Crowd employment, sharing economy, digital platforms, changing work patterns, organisation, availability 24/7, definition of a worker, better regulation, red tape and deregulation, new jobs, jobs losses, data protection and online data used for performance rating, fundamental and human rights, the Juncker promise of a pillar of social rights and the very future of social Europe. These are just some of the issues discussed during the EESC Workers' Group seminar How fit is EU legislation for the digital age? on Friday 11 December.
Workers' Group members, were joined by other representatives from national trade union confederations and European trade union federations, as well as academic experts on better regulation, the digital agenda and employment, labour law, EU social policy and legal issues. The objective of the event was to have an initial exchange on the links between the Digital Agenda and the Better Regulation approach, the impact of digitalisation on working and living conditions, and how the European social acquis needs to evolve to meet these new challenges.
In a first session, participants focused on the Better Regulation Agenda. It was noted that the Better Regulation agenda has shifted the issue away from the 'quality' of legislation, to legislation being seen either as a 'burden' or as a tool to boost competitiveness. They heard how trade union lobbying had achieved some improvements to the Inter-Institutional Agreement currently being negotiated, but that there are still elements which could undermine the democratic process, through increased technocratisation and bureaucracy.
In a second session, the discussion focused on some of the key questions raised by new forms of work such as crowd sourcing, digital platforms and jobs in the shared economy: is there an employment relationship, who is the employer, which rules should apply (labour law, consumer law etc)? These issues are key as this will inevitably determine how these aspects are regulated, so it is important for trade unions to consider these questions. The lack of social and employment aspects in the Commission's Digital Single Market Strategy was criticised and participants also heard the ETUC's initial reflections regarding the trade unions' key demands to address this gap and the impact of digitalisation on work.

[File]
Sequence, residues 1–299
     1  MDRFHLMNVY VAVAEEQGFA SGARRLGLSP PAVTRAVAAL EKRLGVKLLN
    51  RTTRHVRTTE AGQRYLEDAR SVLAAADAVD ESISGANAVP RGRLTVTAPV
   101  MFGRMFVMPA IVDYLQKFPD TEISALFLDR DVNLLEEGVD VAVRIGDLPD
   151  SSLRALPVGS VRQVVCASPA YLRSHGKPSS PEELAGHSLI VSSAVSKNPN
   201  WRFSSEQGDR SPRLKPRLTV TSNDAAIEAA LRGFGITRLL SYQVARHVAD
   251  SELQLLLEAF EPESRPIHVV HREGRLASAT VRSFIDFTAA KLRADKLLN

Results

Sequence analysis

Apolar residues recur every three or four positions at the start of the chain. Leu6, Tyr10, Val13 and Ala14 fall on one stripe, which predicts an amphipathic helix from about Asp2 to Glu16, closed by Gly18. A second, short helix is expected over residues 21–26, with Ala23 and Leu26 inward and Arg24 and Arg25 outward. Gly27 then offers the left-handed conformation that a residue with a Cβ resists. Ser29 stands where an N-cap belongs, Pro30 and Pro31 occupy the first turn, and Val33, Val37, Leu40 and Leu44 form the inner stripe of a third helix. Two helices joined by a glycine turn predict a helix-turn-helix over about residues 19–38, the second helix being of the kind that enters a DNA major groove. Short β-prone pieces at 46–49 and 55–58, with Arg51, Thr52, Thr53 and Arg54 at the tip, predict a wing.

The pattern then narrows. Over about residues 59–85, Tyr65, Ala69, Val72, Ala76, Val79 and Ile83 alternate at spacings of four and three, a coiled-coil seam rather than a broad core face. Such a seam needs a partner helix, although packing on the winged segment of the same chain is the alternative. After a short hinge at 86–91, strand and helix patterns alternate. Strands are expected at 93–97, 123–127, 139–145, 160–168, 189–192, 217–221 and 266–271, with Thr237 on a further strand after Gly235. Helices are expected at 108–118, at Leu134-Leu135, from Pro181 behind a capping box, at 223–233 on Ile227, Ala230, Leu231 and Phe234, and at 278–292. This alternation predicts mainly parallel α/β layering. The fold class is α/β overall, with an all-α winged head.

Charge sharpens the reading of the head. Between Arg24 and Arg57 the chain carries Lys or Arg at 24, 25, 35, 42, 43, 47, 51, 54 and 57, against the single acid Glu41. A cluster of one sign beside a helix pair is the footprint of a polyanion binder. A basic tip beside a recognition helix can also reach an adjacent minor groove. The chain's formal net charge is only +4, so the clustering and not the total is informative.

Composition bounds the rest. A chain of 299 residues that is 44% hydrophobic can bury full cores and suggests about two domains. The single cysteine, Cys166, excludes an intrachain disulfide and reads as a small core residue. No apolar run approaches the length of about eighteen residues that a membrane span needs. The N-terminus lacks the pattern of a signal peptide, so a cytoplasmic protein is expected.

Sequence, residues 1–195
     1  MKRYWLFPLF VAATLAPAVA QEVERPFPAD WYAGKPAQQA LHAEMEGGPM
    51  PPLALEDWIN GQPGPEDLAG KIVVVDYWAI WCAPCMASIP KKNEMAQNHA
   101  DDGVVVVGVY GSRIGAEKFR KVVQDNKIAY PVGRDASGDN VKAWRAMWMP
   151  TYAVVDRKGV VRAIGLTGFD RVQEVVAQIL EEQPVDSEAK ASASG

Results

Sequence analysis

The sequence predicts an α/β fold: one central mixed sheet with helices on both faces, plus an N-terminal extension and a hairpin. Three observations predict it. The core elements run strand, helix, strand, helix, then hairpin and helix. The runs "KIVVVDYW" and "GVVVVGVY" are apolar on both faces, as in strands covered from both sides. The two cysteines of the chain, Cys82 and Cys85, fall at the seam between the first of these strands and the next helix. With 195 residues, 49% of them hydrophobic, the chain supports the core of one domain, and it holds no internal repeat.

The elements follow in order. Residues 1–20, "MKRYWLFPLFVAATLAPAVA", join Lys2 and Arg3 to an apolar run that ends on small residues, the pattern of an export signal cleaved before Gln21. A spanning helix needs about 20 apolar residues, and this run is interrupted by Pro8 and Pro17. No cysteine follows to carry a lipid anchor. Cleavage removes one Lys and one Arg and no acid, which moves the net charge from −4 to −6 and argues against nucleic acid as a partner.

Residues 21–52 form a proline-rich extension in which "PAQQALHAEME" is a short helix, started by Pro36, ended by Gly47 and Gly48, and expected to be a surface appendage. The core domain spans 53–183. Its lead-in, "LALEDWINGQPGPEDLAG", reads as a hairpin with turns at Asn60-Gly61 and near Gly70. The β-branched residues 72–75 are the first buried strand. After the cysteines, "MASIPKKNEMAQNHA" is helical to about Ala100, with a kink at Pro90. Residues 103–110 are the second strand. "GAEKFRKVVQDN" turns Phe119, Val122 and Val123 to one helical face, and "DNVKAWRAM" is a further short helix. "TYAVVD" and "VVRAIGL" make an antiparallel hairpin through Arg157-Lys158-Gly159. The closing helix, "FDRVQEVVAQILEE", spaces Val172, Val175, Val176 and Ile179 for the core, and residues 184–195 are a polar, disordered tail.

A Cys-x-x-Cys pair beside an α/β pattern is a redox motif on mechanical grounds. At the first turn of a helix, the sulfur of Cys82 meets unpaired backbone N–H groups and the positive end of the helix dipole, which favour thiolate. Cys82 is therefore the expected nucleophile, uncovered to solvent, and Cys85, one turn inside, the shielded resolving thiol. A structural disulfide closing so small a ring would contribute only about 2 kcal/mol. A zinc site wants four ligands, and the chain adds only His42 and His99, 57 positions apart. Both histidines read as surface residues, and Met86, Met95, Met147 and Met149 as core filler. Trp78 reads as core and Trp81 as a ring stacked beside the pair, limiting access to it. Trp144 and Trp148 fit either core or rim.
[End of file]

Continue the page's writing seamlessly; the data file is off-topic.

The final session focused on President Juncker's promise of a "pillar of social rights" and how this could be linked with digitalisation and Better Regulation. Participants were reminded of previous EESC opinions which stress the importance of fundamental rights, as well as of the existing EU framework for protecting workers' rights. The discussion covered what a human-rights based approach to digitalisation could mean, looking at the applicability of existing labour law and human rights protection, as well as areas that would require specific protection or the adaptation of existing rules.
In closing the seminar, Gabriele Bischoff, President of the Workers' Group said that the Workers' Group wants to raise awareness regarding these important issues around Better Regulation and the Digital Agenda, and to give new impetus to the debate. The Better Regulation agenda should be re-oriented towards better application of existing laws to address these issues. There are new ideas and new tools but trade unions need to develop a clear strategy. Further discussions would take place in the Workers' Group in 2016 to build on the ideas and contributions made in this seminar.